Sunday, July 31, 2011

Recap of Saturday storms

Saturday was an interesting day for thunderstorm activity.  Morning storms over northern Minnesota, triggered by a slow-moving cold front, really wreaked havoc on the forecast for the remainder of the day due to the complexities of the situation with cloud clover and boundaries established from previous storms.  If I can be honest, it was one of those days where I really had no idea where storms would fire, and if they would become severe.  I like being straight-forward with people, and I’ll be the first to admit I was wrong about something.  I knew the possibility of storms across the northland in the morning, which would eliminate the greatest threat for severe weather over that area where upper-level winds were the strongest for organized storms.

Here a satellite image from around the noon hour Saturday.  With the cloud cover, the best chance for any severe storms appeared to be over the southern half of Minnesota.


The National Weather Service in Chanhassen put together this illustration showing the position of fronts and boundaries later in the day at approximately 4:45 PM:

The Storm Prediction Center wasn’t really sure about this day either.  It had issued a severe thunderstorm watch during the early afternoon hours until 9 PM for southern Minnesota, then cancelled it soon after, and re-issued another watch in the evening until 1 AM Sunday.

Initial severe thunderstorm watch:


The “do-over” of the watch:


With all the complications to the forecast, and with the storms working in a weaker wind environment, I decided against storm chasing in the afternoon, and instead worked on some projects around home.  Although it’s an interesting puzzle to attempt to solve, I didn’t want to sit around idle and wait to see what would happen, if anything did.  With the price of gas these days, it just didn’t make a lot of sense for this level of uncertainty either.

First storms arrive into the Brainerd lakes area before 6 PM:


As the storms moved to the southeast from Brainerd, the most intense storms were over Mille Lacs and Isanti Counties, where numerous funnel clouds were reported.  Here are radar summaries north of the Twin Cities from the National Weather Service.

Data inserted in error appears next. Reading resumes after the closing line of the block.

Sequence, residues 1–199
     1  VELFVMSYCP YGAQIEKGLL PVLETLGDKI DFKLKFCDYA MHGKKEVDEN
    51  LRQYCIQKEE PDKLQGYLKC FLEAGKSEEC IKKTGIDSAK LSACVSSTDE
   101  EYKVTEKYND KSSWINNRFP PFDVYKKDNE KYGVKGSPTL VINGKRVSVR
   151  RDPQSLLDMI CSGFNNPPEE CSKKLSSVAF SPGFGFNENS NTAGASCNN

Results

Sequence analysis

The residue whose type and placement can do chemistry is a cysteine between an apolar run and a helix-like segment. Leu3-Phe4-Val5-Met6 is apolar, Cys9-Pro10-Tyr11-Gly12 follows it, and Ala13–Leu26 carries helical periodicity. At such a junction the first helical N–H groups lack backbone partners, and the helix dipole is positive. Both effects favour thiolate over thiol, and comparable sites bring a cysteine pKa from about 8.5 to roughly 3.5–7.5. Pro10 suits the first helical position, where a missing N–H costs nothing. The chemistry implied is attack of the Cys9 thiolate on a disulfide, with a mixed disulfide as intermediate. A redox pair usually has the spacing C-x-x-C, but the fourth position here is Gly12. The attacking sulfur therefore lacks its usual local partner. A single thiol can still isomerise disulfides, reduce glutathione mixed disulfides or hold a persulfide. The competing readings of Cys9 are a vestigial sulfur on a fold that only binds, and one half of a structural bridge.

Base reflectivity:

Base velocity:

Areas of the greatest rotation are indicated by the darker colors below.  Based on what I saw on radar, I wouldn’t be surprised if there was a brief tornado touchdown near the Mille Lacs and Kanabec County border, east of Milaca.  A storm survey is being conducted in this area to determine if there were tornadoes.


As day progressed into the night, I decided to make a play at the storms to the west of the “main event” after 10 PM.


I headed out west on Minnesota Highway 5 towards Carver County, and intercepted the storms in Norwood-Young America.  Saw a pretty good lightning display from these garden-variety storms.  I captured some video from my cell phone as I was driving around the town.  The audio is WCCO Radio.

Severe storm reports from the day were scattered, with the most concentrated area from the cell that tracked southeast from Brainerd into the northern Twin Cities metro with large hail, felled trees from strong winds, and funnel clouds.  One tornado was reported in the city of Johnson, Minnesota in far west-central Minnesota from a short-lived storm.




  1. I hung out near Litchfield for a while hoping for something to happen on the outflow boundary. After they canceled the first severe watch, I figured it was a bust, and headed over to my Dad's place in big lake for dinner. I was watching the storm coming down I 94 on the way there, and after supper headed out to St. Cloud to intercept. It was gusting out by the time I got there, but clear skies right behind the updraft helped me get some good structure and lightning shots.

  2. Nice Mike! Well, at least you got something out of it!